Maneuvering out of the tree line, we approached a compound on the outskirts of the village we were nearing. As usual, family livestock were hanging out around the home. Two goats were tied up to a tree, and chickens strutted around pecking at the ground. We slowed down, just in time to hear another dreaded thump from the 203. The scene couldn’t have been scripted more perfectly: The grenade ripped through the air and struck a chicken, vaporizing it in an instant. I felt terrible for the chicken, but part of me had to laugh because I was just relieved that our latest casualty wasn’t another Marine.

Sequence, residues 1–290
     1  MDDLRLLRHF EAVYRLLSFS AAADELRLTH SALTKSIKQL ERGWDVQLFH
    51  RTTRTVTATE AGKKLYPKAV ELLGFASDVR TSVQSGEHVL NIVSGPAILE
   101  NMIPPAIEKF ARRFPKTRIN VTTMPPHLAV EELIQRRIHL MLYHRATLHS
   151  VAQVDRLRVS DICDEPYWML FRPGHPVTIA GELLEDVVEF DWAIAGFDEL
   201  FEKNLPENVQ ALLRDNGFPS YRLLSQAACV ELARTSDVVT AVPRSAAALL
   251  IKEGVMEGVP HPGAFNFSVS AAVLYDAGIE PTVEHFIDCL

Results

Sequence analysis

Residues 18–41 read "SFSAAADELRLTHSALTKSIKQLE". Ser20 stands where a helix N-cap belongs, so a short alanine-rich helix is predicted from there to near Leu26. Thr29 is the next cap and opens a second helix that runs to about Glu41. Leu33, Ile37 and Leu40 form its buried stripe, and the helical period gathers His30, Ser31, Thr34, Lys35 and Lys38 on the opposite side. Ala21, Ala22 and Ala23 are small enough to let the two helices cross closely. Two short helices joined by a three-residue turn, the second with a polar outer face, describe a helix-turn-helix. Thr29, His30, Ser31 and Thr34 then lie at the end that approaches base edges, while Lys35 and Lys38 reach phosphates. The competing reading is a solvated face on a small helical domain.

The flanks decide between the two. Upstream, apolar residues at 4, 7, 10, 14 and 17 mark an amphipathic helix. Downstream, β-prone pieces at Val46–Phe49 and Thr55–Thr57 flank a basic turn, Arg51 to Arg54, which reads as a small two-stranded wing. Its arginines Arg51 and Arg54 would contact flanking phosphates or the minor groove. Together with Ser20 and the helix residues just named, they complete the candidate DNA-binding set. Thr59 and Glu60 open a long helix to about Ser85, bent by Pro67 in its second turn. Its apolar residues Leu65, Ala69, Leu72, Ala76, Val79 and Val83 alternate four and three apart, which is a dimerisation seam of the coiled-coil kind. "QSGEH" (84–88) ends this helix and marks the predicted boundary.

We eventually made it back to PB Beatley safely, but I couldn’t shake the image of that unfortunate chicken. It was there one instant, and then it was simply . . . gone. Little did I know that, just a few weeks later, I would be able to empathize with that bird.
Kyle Carpenter is a Marine veteran who received the Medal of Honor on June 19, 2014.
Adapted from You Are Worth It by Kyle Carpenter and Don Yaeger, available Oct. 15 from Harper Collins.